Users may save their models in the VCell DataBase, which is maintained on servers at U. Connecticut. The VCell Database uses an access control system with permissions to allow users to maintain their models private, share them with select collaborators or make them public. The VCell website maintains a searchable list of models that are public and associated with research publications.

VCell Models can be formulated as reaction networks or based on reaction rules. A model can be simulated using many physical assumptions: deterministic, stochastic or hybrid deterministic/stochastic; non-spatial compartmental, simulating only reaction kinetics, or with explicit spatial geometries accounting also for diffusion and flow. A new experimental feature allows for reaction-diffusion models in changing geometries (top).


VCell supports the following features:

  • Within the "Physiology", models can be specified as reaction networks or reaction rules.[7]
  • Simulations can be chosen to either resolve variations of concentrations over space (spatial simulations) or assume concentrations constant across compartments (compartmental simulations).
  • For spatial simulations, geometries can be specified by analytic geometry equations, derived from combination of simple shapes or derived from imported images, such as 3D confocal microscope stacks. Utilities for 3D segmentation of image data into regions such as nucleus, mitochondria, cytosol and extracellular are provided.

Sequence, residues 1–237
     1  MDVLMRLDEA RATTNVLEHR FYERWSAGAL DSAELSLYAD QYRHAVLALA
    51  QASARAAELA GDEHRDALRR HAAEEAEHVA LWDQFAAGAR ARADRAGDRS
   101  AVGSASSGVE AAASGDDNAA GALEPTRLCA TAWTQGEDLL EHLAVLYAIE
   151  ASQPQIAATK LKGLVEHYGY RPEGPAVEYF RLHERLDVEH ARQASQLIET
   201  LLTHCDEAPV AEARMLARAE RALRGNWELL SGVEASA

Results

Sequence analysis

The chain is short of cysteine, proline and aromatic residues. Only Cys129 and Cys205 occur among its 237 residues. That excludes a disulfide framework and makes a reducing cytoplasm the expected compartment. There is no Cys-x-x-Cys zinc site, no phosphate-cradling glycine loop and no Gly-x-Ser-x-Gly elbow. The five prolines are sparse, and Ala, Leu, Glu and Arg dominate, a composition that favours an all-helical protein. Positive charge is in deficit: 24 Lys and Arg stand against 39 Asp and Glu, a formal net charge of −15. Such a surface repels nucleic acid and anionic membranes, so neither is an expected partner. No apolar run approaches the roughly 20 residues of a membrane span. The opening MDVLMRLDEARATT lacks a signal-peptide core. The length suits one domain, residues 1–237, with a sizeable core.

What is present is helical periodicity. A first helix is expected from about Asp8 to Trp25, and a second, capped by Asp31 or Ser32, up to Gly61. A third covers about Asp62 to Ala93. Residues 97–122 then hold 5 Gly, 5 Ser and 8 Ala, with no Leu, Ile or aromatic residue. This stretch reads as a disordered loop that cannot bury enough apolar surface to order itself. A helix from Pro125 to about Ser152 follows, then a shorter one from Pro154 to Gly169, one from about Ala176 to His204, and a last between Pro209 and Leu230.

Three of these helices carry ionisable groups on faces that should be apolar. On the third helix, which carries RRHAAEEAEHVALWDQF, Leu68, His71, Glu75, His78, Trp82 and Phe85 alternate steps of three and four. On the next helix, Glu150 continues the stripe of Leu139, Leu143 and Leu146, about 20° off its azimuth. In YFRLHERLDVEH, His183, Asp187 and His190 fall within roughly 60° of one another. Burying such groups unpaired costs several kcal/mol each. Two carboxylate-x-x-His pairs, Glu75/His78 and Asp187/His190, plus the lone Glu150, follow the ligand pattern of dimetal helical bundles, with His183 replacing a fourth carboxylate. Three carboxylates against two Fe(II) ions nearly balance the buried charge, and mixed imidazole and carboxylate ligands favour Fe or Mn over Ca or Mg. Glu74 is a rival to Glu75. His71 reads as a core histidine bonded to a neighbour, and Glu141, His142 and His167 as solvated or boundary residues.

• Simulations can be based on either integration of differential equations without use of random numbers (deterministic simulations) or be based on random events (stochastic simulations).
  • Simulations can be run using a variety of solvers including: 6 ordinary differential equation (ODE) solvers, 2 partial differential equation (PDE) solvers, 4 non-spatial stochastic solvers and Smoldyn[8] for stochastic spatial simulations. VCell also offers a hybrid deterministic/stochastic spatial solver for situations where some species are present in low copy number and others are present in high copy number. Most recently, a network free solver, NFSim, was made available for stochastic simulation of large combinatorially complex rule-based models. Most solvers can be run locally, all solvers can be run remotely on VCell servers.
  • For compartmental deterministic models, the best parameter values to fit experimental data can be estimated using algorithms developed by the COPASI software system. These tools are available in VCell.
  • Models and simulation setups (so-called Applications) can be stored in local files as Virtual Cell Markup Language (VCML)[9] or stored remotely in the VCell database.
  • Models can be imported and exported as Systems Biology Markup Language (SBML)[10]
  • Biological pathways can be imported as Biological Pathway Exchange (BioPAX)[11] to build and annotate models.

Biological and related data sources[edit]

VCell allows users integrated access to a variety of sources to help build and annotate models: